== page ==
The Echoes of Patient Safety Events: Errors in Third Year

Conclusion/Takeaways These stories are constantly shaping us; when we notice, think, and share them, how can it not be for the better? None of these stories has an end, because we remember them; they echo. There is multifaceted value in their retelling and reworking, clinically and personally. The curriculum provides students with a platform (the structured assignment), mentorship (the physician reader), and dialogue within a community of peers (the class debrief). It provides faculty with new eyes: the emotion and introspection that can blur with long practice. Together the pieces of the curriculum remind us how much stories of patient safety matter—at any level of training—in the continuing development of physicians. By: Lauren Kascak, MS, and Joel Bradley, MD Further Reading Ryder HF, Huntington JT, West A, Ogrinc G. What do I do when something goes wrong? Teaching medical students to identify, understand, and engage in reporting medical errors [published online ahead of print July 16, 2019]. Acad Med. doi: 10.1097/ACM.0000000000002872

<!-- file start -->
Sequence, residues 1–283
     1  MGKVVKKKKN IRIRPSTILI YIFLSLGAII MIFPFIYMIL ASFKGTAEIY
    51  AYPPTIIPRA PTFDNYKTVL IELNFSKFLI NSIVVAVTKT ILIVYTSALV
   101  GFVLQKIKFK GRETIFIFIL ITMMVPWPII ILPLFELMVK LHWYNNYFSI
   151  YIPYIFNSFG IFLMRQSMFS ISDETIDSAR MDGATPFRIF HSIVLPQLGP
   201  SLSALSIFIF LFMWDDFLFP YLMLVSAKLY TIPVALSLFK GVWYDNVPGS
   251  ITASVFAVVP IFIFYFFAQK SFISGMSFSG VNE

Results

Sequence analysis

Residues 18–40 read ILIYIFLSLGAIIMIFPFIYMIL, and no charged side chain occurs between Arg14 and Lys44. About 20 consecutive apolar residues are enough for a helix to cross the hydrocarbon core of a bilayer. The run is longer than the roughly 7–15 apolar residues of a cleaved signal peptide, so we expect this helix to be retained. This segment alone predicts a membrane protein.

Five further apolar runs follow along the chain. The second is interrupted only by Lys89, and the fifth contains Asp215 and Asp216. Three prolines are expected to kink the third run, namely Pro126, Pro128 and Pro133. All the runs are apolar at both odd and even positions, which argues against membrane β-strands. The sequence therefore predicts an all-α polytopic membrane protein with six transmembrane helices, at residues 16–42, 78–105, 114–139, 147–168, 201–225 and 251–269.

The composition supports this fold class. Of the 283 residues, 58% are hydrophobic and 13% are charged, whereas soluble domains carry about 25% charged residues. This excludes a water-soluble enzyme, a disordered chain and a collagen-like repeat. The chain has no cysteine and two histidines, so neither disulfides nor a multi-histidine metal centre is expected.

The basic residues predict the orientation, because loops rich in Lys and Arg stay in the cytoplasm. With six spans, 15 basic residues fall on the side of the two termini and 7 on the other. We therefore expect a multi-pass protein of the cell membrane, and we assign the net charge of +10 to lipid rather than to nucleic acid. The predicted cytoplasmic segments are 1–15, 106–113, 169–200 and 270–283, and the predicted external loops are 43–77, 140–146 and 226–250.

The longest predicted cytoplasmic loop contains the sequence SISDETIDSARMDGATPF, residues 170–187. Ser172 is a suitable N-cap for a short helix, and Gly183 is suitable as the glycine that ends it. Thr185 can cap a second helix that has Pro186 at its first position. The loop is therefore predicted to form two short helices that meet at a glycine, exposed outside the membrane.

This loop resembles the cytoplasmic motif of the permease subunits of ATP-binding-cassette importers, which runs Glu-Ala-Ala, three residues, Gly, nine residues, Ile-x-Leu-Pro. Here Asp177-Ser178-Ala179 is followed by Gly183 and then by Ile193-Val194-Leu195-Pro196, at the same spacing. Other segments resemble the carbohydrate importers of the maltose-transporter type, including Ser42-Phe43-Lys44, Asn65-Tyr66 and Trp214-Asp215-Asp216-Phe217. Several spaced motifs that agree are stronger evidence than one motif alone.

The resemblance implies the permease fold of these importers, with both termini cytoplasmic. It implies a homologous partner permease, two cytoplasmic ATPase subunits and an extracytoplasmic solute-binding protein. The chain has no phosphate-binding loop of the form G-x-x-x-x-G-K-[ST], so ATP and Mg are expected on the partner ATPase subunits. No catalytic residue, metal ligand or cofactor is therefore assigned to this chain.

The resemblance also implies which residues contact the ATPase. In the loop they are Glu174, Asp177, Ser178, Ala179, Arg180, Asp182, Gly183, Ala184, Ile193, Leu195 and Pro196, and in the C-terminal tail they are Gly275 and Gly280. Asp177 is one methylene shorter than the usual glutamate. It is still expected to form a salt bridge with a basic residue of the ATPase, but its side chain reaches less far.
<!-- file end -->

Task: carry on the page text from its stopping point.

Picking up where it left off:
Source: Academic Medicine Blog - Category: Universities & Medical Training Authors: Tags: Featured Guest Perspective medical errors medical students patient safety Source Type: blogs